Beyond the Father : Book 1 (by Opëshum Patroz)

Introduction to Beyond the Father from “Gods on Trial” series

Beyond the Father : Book 1 (by Opëshum Patroz)Beyond the Father” sets the scene for the 8-book Epic gods on Trial: The Series,” delving into lifes determination to transcend all limitation. Set on the planet Xżyber, citizens of the Sub-median Region, imperfectly reborn into metal, oppress those who are still organic. Elsewhere, in the Central Kingdom, religion supports royaltys brutal domination of the lowest class. War over scarce resources is coming, while revolution within each region is brewing, and none appear to know of the eccentric god who created them. This entity watches, has fascinating conversations with his often-wiser companion, occasionally learns but rarely intervenes. The many levels and threads of struggle distract nearly all from a far greater threat. Meanwhile, the young Prince Anglids vision quest into the unexplored Area X may ultimately change everything. However, just when you think you know the direction of the story, the author has yet another surprise.

EXCERPT from Beyond the Father


“We believe we are aware of their immediate objective, General,” replied Curio, programming the panel in front of him, and projecting a new image onto the screen. “This is a transcription of the communication we’ve picked up by radio wave. Sub-Median leadership and their ground forces are planning to execute a series of forward detachments, with an immediate objective of seizing control of the south water tower, as well as the Kingdom’s Teal mining plant and its supply route.” Shifting in his seat, Curio cleared his throat. “If I may, Sir,” he continued. “I suggest we respond aggressively, and without haste.”

“Know that doing nothing is also a response, Lieutenant,” advised Jordson. “Without knowing EXACTLY what their plans are, our haste would be wasteful. And that, we cannot afford. Our troops are not as strong as they were when we had greater access to Teal. We cannot over-react and OVER distribute our forces in a ways that will render us ineffective.”

“With all due respect, General,” replied Senior Lieutenant Burrow, looking around at her peers for agreement and support. “Doing nothing would be sure to render us ineffective, given the threat at hand.” Jordson sat forward in his chair to assert his authority.

“It takes more Teal Oil then we have to nourish an army at war,” Jordson replied. “Let us not forget that the great majority of the troops have become malnourished — as have we. I will not allow us to mis-manage our precious resources by mis-firing before we KNOW we must.

“I beg your ear, Sir,” inserted Lieutenant Burrow, holding her position. “And I must ask you to consider…a different view. We are under no illusion that our technology is no match for their’s. If we delay, and do not strike with a SWIFT response now, they are likely to gain an advantage from which we might not recover. I respectfully ask that you reconsider your position.”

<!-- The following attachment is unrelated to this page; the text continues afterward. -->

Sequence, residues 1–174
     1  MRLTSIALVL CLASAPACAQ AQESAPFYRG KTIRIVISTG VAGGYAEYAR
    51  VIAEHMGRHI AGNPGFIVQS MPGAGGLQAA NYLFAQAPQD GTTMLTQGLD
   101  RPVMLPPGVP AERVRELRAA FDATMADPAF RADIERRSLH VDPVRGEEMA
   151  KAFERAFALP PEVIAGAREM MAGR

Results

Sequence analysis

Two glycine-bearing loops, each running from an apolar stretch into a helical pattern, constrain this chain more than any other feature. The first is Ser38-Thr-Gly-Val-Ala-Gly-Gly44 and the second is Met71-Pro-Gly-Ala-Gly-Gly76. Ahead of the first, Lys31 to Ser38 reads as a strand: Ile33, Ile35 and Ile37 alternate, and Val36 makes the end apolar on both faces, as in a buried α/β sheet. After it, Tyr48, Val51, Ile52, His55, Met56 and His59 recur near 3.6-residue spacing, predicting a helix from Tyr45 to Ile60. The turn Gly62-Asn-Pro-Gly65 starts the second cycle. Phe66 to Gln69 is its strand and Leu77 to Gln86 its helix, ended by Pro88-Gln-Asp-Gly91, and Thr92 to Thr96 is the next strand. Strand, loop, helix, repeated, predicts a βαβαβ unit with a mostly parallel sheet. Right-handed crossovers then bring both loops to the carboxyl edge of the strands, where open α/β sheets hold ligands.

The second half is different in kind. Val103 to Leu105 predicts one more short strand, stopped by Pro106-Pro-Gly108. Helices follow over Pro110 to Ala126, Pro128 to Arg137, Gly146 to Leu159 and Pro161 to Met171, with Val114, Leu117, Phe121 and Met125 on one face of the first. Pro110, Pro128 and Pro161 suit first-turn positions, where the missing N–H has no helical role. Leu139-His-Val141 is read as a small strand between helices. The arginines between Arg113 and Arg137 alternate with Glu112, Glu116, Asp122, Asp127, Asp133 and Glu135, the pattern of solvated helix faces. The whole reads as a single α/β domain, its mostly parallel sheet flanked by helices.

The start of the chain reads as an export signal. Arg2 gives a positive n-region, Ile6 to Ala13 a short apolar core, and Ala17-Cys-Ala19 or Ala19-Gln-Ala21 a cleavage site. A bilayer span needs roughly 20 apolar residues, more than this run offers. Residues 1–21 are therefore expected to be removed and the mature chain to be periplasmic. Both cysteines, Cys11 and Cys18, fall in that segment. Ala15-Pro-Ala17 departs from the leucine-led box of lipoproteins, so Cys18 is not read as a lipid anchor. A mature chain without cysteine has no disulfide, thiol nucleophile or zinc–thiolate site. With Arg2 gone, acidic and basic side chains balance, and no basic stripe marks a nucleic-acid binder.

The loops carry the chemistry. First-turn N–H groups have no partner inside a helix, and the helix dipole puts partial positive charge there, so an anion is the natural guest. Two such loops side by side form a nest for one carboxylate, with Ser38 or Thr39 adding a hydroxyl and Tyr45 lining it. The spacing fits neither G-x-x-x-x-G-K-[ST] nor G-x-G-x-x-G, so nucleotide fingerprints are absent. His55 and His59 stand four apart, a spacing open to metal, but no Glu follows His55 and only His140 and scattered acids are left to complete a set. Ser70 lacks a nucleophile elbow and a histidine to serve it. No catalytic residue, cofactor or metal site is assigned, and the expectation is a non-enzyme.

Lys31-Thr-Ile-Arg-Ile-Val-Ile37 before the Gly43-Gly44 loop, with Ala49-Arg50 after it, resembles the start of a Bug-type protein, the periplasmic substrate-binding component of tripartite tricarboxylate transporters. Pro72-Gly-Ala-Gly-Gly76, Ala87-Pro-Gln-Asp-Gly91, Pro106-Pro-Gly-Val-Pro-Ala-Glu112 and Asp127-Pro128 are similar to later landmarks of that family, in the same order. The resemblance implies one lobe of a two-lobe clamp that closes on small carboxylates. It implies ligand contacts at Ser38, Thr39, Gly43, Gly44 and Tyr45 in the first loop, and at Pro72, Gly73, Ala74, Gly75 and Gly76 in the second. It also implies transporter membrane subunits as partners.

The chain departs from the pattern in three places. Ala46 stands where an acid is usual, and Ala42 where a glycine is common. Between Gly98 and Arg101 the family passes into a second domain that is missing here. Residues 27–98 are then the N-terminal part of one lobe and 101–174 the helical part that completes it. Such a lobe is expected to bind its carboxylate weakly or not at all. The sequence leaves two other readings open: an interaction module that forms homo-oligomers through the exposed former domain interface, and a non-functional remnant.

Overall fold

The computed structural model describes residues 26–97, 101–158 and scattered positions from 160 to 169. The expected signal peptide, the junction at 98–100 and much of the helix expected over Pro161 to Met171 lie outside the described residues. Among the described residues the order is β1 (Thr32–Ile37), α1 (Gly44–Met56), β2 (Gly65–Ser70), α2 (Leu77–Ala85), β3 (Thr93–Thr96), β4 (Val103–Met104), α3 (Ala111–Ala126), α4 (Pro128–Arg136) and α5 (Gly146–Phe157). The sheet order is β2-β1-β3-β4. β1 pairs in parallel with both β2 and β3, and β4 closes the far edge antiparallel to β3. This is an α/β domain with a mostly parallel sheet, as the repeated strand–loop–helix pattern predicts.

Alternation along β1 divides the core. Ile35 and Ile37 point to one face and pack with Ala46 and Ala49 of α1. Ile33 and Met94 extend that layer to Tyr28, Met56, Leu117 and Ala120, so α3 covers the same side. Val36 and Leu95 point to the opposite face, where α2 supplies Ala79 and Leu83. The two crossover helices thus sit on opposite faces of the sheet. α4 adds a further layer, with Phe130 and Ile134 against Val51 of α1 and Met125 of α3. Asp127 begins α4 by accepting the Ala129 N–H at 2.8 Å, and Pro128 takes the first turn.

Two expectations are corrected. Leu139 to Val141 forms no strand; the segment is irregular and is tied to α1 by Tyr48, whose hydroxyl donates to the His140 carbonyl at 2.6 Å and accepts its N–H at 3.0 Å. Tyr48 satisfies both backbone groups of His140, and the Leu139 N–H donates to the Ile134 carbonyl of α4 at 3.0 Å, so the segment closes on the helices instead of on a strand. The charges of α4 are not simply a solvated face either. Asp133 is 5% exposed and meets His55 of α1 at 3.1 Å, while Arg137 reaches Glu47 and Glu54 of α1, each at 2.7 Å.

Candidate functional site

“Lieutenant Curio,” began Jordson. “I want you to roll us back to the images showing the naval and air threats.” Reprogramming his dash panel, Curio brought up a split-screen image of the two threats in question. Jordson rose from his chair and walked to the front of the room to study the screen more closely. Firmly folding his arms in front of him, he slowly scrutinized the images.

“I am not sure,” responded Jordson.

“General Jordson?!” responded General Hemming, Joint Chair of Rocket and Missile assets, and one of Jordson’s peers. “Sensor surveillance has in fact captured their conversation. What is it that you are not sure of? Perhaps there is something that we do not understand— but if that is the case please tell us!”

“That’s precisely it, General,” responded Jordson. “It’s that which we do not understand that confounds me the most. If what we are viewing is indeed their true intent, then I would agree that moving quickly would be the right choice. However, being as advanced as they are, wouldn’t it be wiser for us to assume that they have the skills in place to block us from
detecting their TRUE communications — and that what we have detected may only be that which they INTEND for us to hear?” The members of the Committee started shifting in their seats, while Lieutenant Curio appeared to be intrigued.

“So what you mean to say, is that they may be fooling us, Sir,” inserted Curio.

“Or trying to,” responded Jordson.
“If they are as technically superior as we believe them to be, then our electronic enemy sensors, by their own hand, could well lead us astray. I advise we also consider the possibility that the aircraft and naval threats seen projected on this screen may be real, or simply an illusion. I do not claim to know. But our lack of assurance is our weakness, and if we are not careful, we will drain our resources and further weaken our position. As such, we must recognize our disadvantage, and not let them use it against us.”

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